Life jacket safety tips
Life jackets can save lives and are a vital part of water safety. According to the Centers for Disease Control and Prevention (CDC) 72% of boating deaths that occurred during 2010 were caused by drowning with 88% of victims not wearing a life jacket. Wearing a life jacket or personal floating device (PFD) while participating in water activities greatly increases your chances of survival because they are meant to keep your head above water and help facilitate breathing. During a boating accident, even the greatest swimmer is at risk of drowning in treacherous, cold waters where loose or falling debris can knock anyone unconscious. Here are some important safety tips to keep you safe the next time you are out on the water.
- Make sure everyone on your boat has a life jacket that is in good shape with no holes or tears. Check the life jackets each time before use.
- To ensure life jackets are safe, they should be tested by Underwater Laboratories and be U.S. Coast Guard-approved.
- The life jackets should be worn at all times while on a boat.
- It is important to have the right life jacket for the type of excursion you are participating in. Navigating a boat in rough seas is different than cruising on calm inland waters. Life jackets are grouped into these categories: Type I, II, III or V. Check the U.S. Coastguard website for the correct type of life jacket for your trip.
- Choose a life jacket that fits properly according to the person’s height and weight. If the life jacket is too big, you can slip through. To test it, put it on, raise your hands over your head, have someone pull up on its shoulders. If it goes over your chin, it’s too big. For children, you may need one with a crotch strap. A life jacket should be snug, but should not be too small. If it is too small, it won’t keep you afloat.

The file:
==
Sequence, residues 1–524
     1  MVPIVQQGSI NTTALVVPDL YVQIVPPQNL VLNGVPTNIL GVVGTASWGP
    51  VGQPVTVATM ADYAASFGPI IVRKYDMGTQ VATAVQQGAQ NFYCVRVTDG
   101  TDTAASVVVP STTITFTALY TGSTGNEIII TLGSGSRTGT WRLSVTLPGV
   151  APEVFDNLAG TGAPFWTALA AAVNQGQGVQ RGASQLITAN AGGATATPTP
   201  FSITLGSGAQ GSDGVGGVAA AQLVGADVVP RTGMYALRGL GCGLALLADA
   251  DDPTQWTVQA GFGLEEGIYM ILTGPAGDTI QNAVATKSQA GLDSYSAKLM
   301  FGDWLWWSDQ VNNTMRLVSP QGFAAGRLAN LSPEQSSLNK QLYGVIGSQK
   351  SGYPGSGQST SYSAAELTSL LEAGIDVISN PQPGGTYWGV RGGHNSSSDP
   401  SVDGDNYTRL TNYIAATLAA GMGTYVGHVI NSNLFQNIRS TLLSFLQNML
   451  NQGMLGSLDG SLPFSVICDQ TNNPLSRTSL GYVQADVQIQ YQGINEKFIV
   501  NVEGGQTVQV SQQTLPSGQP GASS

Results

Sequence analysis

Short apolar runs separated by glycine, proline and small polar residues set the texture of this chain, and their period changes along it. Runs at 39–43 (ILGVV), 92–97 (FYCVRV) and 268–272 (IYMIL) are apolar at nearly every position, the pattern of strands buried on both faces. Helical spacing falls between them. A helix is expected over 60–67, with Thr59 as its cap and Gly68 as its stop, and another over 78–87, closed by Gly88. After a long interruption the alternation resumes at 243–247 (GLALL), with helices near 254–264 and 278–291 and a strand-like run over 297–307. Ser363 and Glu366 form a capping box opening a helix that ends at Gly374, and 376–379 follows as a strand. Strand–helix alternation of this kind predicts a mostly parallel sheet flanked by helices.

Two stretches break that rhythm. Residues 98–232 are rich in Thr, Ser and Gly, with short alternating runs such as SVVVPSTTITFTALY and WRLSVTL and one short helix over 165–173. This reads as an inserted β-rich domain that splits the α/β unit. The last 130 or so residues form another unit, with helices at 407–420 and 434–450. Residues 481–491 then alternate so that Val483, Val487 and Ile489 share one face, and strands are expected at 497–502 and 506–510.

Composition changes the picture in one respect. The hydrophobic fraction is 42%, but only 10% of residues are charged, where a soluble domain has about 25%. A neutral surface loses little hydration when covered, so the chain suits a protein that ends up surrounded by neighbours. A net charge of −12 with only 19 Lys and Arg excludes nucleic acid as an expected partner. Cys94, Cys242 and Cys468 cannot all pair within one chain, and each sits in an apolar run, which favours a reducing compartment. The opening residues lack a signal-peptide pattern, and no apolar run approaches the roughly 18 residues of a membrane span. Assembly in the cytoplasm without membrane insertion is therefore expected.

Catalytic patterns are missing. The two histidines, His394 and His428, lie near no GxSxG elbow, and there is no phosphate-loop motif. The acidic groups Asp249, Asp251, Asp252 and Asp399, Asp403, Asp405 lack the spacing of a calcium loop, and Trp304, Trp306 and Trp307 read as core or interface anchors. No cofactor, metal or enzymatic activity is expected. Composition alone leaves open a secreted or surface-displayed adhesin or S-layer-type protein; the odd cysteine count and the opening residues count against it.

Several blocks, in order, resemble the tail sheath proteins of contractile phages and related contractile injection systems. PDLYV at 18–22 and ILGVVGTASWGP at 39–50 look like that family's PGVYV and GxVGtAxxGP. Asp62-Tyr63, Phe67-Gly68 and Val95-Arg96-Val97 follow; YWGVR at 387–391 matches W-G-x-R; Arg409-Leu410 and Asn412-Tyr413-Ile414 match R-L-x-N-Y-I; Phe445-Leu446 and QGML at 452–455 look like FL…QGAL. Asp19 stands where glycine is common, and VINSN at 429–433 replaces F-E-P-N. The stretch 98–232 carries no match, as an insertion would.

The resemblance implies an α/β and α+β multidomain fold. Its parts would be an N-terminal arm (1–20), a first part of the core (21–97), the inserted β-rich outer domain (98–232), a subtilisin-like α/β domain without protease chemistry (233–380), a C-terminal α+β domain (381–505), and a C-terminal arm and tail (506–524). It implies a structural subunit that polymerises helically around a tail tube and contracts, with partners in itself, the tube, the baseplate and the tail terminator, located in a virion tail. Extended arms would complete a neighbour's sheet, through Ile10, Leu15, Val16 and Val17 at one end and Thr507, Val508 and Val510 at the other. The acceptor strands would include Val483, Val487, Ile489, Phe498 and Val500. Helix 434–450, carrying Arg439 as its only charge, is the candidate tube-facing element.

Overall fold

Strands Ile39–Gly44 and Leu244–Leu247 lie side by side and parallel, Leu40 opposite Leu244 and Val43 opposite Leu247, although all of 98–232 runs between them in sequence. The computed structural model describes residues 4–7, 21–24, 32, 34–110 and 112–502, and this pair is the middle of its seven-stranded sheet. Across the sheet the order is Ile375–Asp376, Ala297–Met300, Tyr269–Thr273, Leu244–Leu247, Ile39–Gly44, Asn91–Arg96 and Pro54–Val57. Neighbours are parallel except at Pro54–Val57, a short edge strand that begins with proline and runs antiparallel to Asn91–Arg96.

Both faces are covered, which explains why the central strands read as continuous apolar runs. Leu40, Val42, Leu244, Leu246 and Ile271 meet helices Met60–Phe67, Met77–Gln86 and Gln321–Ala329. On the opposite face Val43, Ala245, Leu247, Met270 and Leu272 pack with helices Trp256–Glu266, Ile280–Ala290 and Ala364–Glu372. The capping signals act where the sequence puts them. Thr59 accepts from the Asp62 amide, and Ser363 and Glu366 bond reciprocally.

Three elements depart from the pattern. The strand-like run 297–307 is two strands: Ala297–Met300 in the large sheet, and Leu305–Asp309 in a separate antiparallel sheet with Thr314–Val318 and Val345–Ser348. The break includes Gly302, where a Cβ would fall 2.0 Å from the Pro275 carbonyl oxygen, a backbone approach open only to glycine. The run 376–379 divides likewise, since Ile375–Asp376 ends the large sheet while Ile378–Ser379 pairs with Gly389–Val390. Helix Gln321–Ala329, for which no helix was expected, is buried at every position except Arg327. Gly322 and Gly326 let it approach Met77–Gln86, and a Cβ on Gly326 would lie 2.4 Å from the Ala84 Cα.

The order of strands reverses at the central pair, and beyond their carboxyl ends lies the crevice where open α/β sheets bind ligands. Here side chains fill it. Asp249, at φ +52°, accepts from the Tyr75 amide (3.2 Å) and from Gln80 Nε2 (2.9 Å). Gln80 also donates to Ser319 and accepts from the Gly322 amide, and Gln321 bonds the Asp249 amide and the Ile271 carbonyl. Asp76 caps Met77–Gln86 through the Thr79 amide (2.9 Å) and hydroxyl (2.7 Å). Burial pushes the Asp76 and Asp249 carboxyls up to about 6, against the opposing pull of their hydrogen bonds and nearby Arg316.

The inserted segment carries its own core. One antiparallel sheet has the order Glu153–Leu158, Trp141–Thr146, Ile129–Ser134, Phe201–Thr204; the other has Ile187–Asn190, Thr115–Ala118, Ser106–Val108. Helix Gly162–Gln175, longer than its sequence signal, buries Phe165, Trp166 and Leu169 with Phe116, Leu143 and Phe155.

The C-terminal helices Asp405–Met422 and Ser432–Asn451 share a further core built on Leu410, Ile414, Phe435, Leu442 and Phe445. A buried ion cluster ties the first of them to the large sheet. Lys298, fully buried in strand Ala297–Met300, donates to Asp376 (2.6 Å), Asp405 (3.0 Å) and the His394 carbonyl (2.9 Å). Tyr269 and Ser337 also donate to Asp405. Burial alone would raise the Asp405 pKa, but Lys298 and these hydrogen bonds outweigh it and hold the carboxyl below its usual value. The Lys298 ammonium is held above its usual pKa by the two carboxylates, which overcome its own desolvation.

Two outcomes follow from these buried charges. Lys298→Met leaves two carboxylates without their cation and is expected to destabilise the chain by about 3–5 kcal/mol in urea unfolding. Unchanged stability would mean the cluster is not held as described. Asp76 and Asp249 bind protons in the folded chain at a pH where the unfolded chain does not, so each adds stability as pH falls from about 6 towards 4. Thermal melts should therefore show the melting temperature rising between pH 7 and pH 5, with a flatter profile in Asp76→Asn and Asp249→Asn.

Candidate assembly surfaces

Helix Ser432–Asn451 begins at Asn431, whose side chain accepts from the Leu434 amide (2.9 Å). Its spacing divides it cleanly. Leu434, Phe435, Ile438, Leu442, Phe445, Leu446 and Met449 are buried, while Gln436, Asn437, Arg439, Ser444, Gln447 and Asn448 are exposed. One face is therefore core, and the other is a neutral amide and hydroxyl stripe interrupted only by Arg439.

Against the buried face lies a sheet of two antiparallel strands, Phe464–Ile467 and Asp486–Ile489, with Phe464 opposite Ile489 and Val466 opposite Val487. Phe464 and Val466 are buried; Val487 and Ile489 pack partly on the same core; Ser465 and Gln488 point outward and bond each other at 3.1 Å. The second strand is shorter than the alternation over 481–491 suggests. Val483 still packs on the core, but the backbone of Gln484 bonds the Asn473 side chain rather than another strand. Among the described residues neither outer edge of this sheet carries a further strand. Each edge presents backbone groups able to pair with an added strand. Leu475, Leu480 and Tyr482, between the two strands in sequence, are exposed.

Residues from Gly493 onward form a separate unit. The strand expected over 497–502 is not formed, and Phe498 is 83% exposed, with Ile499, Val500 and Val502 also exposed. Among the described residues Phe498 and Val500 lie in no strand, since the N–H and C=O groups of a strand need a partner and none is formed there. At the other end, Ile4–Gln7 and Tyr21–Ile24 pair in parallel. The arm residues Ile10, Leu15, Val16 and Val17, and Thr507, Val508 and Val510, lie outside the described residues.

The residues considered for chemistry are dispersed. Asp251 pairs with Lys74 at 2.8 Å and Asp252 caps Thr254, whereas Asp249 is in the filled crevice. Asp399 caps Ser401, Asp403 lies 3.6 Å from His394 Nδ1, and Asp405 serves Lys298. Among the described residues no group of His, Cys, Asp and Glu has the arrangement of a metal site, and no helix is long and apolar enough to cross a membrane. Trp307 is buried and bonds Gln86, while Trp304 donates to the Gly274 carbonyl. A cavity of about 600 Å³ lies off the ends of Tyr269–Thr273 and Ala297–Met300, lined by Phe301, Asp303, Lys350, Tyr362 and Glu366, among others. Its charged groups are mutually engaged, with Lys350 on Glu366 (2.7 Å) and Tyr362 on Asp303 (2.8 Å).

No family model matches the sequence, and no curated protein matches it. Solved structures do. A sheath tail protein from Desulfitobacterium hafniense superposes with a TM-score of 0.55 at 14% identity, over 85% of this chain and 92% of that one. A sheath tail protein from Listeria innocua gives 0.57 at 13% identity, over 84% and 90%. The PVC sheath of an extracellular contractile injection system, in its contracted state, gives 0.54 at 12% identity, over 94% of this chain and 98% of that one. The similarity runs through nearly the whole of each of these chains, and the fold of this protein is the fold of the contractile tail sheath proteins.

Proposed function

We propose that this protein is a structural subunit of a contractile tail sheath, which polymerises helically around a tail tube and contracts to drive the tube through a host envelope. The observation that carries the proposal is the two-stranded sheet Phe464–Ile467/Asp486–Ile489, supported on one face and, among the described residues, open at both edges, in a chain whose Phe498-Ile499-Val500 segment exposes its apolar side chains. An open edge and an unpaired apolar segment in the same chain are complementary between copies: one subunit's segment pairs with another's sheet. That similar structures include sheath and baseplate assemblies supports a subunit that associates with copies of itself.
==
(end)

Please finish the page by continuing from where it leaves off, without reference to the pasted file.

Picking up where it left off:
- Make sure everyone knows how to properly put on and secure their life jackets, including children.
- All straps should be belted in the right buckle and loose straps should be securely tucked in.
- Test the buoyancy of the life jacket in shallow waters. Do this by relaxing your body and tilting your head back to see if it keeps your chin above water and you can easily breathe.
- While on a boat, children under 13 must wear an appropriate United States Coast Guard-approved life jacket. There may be additional requirements for children by state. The United States Coast Guard offers some additional information here. A life jacket should be easily spotted in water. Bright orange is a good color choice, especially for children.
- The law requires life jackets to be worn during certain water activities such as water skiing and tubing. Verify your state’s requirements before you head out.
- Inflatable toys or water wings are not approved safety devices and should not be used in place of life jackets in emergency situations.
- Don’t use harsh detergents to clean your life jacket as it can weaken the fabric and make the life jacket lose its effectiveness.
- When storing, make sure the life jacket is dry, but do not leave it in the sun for a long time because heat can weaken the fabric and decrease its buoyancy. Do not dry it in a dryer or by a radiator, as this will also decrease buoyancy. Store in a dry location with good ventilation so that it does not get mildew.
We hope these life jacket safety tips help protect you and your loved ones, so you can enjoy your boat and the water. For further protection in the water, Markel Boat Insurance offers specialized boat insurance that protects you if you become legally liable for someone else’s injuries or property damage due to a boating accident. In addition, Markel boat insurance also offers protection to help cover the cost to repair or replace your boat in the event of an accident, fire, theft, or vandalism.